Democrat

 

12

Yea

Morgan, Jon

Democrat

 

23

Yea

Morse, Chuck

Republican

 

22

Nay

Reagan, John

Republican

 

17

Nay

Rosenwald, Cindy

Democrat

 

13

Yea

Sherman, Tom

Democrat

 

24

Yea

Soucy, Donna

Democrat

 

18

Yea

Starr, David

Republican

 

01

Nay

Ward, Ruth

Republican

 

08

Nay

Watters, David

Democrat

 

04

Yea

 UPCOMING HEARINGS & SESSION VOTES

Red = Open Democracy Action Priority Bill

The Senate will meet in session on Wednesday, March 27, 2019 at 3 p.m., and Thursday, March 28, at 9 a.m.

SB 283, Authorizes the Secretary of State to acquire and review new types of optical vote counting machines in anticipation of replacing older machines. 5-0 OTP in committee. Fix redistricting now sign

SB 8, the Senate's own version of the nonpartisan redistricting commission. The bill has been amended to now have 15 commissioners, none of whom are sitting legislators or have been for the previous four years. Also a change, like HB 706, the pool begins with 15 each of Republicans, Democrats and Independents/3rd party members. Supported by ODA, recommend OTP with a roll call vote

SB 67, relative to the definitions of resident and residency. Similar to HB 106, this bill attempts to clarify language regarding domain and residency. It adds the following language to the existing RSA 21:6: “A person who satisfies the definition of residency in this section, but who does not have a current intent to remain in his or her place of domicile or abode for the indefinite future, including  military personnel, a student of any institution of learning, or a person employed for a fixed term, is not a resident for the purposes of Title XXI of New Hampshire's statutes governing motor vehicles.” Supported by ODA through its allies.

Call your senator signSB 155, relative to permissible campaign contributions by business organizations. Inexpedient to Legislate, Vote 4-1. Supported by ODA, recommend committee override, OTP 

SB 156, relative to political contributions made by limited liability companies. Ought to Pass, Vote 3-2. Supported by ODA, recommend OTP

SB 158, relative to town and city membership in a nonprofit, nonpartisan organization and prohibiting recipients of municipal or county funds from using such funds for lobbying. Re-refer to Committee, Vote 3-2.
 


Results of Last Week's Full Senate Votes

Next sessions for the full NH Senate and full NH House, 10 AM. There are several democracy-related bills being acted on in the session.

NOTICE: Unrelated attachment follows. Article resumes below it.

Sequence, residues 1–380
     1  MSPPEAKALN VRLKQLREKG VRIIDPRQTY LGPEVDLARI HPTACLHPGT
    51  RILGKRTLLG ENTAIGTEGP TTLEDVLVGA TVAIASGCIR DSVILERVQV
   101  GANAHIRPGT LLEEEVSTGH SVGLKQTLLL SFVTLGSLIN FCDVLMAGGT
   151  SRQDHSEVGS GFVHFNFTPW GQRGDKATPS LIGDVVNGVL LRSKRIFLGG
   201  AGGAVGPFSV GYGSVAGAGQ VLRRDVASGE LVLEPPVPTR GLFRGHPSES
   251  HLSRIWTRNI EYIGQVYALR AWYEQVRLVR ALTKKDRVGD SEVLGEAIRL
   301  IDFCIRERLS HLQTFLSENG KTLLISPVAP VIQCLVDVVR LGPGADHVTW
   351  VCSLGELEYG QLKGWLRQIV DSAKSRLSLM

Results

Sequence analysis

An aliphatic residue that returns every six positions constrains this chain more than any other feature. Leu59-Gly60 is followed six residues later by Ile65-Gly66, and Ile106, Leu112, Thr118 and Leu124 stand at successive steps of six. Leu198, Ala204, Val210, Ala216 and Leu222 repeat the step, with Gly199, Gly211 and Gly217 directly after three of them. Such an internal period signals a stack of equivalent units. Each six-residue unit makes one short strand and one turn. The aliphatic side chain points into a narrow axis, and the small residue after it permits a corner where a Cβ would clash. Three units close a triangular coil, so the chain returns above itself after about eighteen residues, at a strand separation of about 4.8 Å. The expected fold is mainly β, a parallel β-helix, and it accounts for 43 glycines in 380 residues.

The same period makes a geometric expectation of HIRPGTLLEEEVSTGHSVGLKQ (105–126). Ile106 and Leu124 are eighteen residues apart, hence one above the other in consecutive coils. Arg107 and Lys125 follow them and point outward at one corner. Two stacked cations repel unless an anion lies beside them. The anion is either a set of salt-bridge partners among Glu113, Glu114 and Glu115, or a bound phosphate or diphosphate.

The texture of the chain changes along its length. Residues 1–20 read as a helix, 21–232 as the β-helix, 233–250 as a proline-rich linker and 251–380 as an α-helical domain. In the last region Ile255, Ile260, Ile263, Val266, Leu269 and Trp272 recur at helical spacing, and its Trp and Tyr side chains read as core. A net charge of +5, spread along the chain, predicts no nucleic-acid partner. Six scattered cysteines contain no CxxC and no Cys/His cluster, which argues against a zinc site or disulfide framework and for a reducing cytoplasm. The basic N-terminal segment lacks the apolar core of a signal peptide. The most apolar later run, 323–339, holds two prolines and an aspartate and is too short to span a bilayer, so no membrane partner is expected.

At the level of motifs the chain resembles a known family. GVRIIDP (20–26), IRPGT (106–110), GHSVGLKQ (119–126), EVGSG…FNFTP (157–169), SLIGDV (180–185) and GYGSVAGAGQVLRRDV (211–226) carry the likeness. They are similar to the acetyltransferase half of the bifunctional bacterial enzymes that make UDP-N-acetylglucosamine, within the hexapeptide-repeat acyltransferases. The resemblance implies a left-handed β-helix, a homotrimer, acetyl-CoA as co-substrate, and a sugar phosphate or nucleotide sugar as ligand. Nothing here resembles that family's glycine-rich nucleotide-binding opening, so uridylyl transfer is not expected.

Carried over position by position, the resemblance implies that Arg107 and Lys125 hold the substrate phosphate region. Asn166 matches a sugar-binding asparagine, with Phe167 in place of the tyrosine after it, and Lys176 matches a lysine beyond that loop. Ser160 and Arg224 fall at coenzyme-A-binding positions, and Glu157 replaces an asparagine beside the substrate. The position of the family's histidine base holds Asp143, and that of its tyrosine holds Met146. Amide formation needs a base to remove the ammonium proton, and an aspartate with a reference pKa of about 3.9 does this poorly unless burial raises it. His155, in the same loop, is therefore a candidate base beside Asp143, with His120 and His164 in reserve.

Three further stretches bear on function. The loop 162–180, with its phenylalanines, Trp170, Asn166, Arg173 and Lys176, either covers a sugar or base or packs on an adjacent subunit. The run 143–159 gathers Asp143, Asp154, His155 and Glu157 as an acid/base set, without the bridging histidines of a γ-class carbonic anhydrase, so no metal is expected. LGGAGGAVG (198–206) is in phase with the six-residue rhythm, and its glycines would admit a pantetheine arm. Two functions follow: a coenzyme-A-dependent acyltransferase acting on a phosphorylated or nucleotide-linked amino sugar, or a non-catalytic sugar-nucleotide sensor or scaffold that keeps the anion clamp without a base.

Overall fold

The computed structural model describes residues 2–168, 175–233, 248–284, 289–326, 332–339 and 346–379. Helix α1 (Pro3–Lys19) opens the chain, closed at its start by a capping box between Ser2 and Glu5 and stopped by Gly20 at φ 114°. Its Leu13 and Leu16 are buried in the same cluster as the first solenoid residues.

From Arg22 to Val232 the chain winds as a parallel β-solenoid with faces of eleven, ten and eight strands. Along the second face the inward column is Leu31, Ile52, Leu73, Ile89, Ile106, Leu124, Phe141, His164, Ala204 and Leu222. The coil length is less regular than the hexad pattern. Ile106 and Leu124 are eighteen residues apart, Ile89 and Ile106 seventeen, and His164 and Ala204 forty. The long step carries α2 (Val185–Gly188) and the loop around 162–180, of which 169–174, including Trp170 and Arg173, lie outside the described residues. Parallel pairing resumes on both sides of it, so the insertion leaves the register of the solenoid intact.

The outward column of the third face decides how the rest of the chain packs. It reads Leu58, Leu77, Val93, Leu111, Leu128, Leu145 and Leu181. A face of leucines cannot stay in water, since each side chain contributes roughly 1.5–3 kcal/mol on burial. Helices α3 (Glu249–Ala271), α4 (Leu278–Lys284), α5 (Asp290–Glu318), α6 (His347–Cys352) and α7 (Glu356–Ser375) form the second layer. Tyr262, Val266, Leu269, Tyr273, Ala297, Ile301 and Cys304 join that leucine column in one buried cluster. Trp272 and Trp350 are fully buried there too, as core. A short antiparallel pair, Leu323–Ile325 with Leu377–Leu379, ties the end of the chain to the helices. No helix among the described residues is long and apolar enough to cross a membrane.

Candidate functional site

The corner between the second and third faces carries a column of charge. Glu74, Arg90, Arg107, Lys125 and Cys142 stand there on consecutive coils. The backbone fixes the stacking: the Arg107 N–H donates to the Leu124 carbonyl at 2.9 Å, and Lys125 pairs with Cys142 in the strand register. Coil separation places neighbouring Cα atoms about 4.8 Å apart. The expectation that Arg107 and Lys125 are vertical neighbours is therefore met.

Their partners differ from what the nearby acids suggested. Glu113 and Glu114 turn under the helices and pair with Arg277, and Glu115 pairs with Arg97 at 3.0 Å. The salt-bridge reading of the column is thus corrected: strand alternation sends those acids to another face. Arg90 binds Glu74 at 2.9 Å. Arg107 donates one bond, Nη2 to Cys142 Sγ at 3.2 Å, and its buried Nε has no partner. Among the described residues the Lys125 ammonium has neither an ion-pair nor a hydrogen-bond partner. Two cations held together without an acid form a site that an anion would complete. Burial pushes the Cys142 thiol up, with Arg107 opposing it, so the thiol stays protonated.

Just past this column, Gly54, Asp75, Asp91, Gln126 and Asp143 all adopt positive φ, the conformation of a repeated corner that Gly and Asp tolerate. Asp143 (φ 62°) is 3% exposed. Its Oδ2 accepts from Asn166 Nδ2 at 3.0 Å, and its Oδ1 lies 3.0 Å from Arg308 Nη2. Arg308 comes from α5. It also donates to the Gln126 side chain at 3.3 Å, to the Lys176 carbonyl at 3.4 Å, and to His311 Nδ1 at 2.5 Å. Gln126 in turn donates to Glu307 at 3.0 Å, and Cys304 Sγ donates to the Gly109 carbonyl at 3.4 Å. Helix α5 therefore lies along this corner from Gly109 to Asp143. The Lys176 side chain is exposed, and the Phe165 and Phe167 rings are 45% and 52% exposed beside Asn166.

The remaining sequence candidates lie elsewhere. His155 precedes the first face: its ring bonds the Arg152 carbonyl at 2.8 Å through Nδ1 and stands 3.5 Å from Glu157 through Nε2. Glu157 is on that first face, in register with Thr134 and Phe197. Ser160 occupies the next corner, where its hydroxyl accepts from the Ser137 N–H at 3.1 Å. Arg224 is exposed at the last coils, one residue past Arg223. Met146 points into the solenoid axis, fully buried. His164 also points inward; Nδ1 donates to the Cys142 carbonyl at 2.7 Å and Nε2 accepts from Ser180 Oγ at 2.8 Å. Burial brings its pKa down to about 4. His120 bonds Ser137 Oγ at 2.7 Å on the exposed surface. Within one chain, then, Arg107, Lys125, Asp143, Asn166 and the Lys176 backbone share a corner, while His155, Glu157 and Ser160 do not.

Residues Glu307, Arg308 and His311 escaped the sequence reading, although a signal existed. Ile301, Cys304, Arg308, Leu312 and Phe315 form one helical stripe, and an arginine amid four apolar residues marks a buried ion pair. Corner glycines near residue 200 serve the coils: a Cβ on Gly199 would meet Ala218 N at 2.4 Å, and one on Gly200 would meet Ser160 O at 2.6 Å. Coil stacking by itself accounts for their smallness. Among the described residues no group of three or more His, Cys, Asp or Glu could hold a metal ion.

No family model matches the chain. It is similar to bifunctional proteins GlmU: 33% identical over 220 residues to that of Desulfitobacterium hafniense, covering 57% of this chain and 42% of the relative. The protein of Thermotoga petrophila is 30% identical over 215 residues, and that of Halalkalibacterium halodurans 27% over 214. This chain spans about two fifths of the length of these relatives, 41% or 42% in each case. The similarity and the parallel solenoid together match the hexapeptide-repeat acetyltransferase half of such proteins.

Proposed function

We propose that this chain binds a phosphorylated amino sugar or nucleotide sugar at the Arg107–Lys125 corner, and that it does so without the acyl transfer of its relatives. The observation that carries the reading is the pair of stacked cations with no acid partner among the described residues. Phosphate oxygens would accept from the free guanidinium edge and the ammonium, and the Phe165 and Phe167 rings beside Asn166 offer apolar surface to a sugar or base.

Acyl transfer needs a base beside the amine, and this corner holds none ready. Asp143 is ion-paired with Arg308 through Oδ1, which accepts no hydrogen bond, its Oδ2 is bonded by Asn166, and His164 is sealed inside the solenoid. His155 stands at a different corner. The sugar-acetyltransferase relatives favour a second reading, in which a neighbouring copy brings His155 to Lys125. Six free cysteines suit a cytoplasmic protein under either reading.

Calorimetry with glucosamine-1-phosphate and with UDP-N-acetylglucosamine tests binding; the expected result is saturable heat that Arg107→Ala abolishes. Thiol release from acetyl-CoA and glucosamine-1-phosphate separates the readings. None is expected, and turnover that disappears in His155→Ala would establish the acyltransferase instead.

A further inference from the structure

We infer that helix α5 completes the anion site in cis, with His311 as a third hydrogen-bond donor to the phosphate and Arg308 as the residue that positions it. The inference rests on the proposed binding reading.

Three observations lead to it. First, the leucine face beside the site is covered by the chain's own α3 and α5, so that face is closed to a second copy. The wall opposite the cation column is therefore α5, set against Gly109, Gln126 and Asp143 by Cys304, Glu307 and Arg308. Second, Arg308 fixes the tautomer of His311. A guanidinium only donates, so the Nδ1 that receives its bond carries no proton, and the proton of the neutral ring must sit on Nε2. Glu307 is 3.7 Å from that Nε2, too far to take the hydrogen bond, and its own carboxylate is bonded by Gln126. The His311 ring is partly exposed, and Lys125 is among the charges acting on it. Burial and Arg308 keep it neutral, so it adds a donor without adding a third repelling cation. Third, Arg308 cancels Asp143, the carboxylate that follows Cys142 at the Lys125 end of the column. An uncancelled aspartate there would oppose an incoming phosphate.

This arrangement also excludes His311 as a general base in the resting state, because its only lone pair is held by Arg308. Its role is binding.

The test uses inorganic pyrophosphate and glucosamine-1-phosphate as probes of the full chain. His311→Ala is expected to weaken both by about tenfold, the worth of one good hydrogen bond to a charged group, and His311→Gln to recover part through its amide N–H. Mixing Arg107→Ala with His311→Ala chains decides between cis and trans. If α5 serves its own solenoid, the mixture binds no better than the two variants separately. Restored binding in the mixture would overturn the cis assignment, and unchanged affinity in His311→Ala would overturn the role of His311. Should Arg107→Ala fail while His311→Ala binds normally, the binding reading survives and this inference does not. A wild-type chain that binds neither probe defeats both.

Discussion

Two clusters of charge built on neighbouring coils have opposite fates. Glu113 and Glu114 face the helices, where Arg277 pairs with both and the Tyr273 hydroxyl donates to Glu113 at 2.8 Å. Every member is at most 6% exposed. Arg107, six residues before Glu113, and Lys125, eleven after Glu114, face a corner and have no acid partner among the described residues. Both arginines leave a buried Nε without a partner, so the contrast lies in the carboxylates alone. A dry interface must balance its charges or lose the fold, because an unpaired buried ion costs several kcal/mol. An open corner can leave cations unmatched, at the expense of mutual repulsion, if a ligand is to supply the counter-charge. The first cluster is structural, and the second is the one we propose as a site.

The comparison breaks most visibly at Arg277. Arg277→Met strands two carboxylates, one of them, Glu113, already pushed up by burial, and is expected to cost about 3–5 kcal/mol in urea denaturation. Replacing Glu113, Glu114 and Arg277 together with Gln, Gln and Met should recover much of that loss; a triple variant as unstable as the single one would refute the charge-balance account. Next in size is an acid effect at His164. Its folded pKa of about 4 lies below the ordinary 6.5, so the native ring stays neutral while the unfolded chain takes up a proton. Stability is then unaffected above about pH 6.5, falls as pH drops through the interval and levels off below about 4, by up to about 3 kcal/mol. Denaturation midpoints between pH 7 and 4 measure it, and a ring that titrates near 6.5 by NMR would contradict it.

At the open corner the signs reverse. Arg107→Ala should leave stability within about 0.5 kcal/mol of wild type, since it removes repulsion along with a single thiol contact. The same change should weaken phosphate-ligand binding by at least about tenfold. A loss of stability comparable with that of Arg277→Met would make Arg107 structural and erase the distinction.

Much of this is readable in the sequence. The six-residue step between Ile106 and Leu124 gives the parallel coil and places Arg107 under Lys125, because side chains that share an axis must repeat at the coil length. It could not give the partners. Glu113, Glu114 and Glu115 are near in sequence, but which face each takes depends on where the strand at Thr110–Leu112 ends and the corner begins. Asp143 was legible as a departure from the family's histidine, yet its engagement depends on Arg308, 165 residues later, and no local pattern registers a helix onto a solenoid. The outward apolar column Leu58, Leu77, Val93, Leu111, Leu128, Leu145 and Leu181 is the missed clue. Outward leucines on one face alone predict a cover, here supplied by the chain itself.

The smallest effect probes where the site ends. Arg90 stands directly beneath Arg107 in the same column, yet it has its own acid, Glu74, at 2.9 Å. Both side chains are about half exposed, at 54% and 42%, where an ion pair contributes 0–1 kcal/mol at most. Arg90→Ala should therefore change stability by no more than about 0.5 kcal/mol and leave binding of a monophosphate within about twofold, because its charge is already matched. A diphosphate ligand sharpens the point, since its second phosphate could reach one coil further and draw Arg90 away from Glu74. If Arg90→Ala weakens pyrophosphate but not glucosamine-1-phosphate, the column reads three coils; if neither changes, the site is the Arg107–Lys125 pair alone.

OTP = Ought to Pass

ITL = Inexpedient to Legislate

SB 7, (March 14) Passed, roll call vote, 14-10 establishing the secure modern accurate registration act (SMART ACT), a bill to facilitate voter registration during transactions at the Department of Motor Vehicles, such as drivers license. renewals new licenses.

SB 304, (March 14) Re-Referred to Committee The Voter-Owned Elections Act has been recommended by the committee for re-refer, after members concluded that the cost shouldn't be covered by taxpayers. Vote 3-2 for re-refer, and the Open Democracy Action policy committee will continue to work until the bill's return in January 2020

SB 231, (March 14) Re-Referred to Committee Establishes rules, process and penalties for untruthful political advertising. The committee voted 5-0 to re-refer this.

SB 305, (March 14) Re-Referred to Committee Similar to SB 7, SB 305 allows voters obtaining or renewing a drivers license to register to vote. Costs associated include the programming of the state systems to enter and store relevant data. The committee voted to re-refer this bill, though SB 7 was voted OTP.

SB 206, (March 21) Passed, roll call vote, Hundreds of thousands of dollars are spent in major lobbying efforts like Northern Pass. This bill proposes that those costs are not passed on the the consumer. This bill had passed the Senate Energy and Natural Resources Committee and was confirmed with a bipartisan 24-0 vote in the full Senate.

SB 230, (March 21) Passed, voice vote, then tabled, voice vote. The bill requiring the Attorney General to hire staff to supervise election law, campaign finance law, and lobbying matters. The Attorney General testified in support of the bill. OTP by a voice vote, followed by Senator Feltes’ motion to table, which also passed by a voice vote.

 

LEGISLATION WE'RE WATCHING THIS TERM

For updates and descriptions of the other important democracy legislation this session, click on the links below.

Click here arrowPublic funding

Redistricting and ending gerrymandering

Campaign reform

Money in politics

 

Questions? Want to Help?

Olivia Zink: olivia@opendemocracy.me; (603) 661-8621 (cell)

Rick Bourdon: rick.bourdon@gmail.com; (603) 795-2818; (603) 759-1888 (cell)

Brian Beihl: Brian@Beihl.org (603) 620-8300 (cell)


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  • Brian Beihl
    published this page in State House 2019-03-27 18:31:54 -0400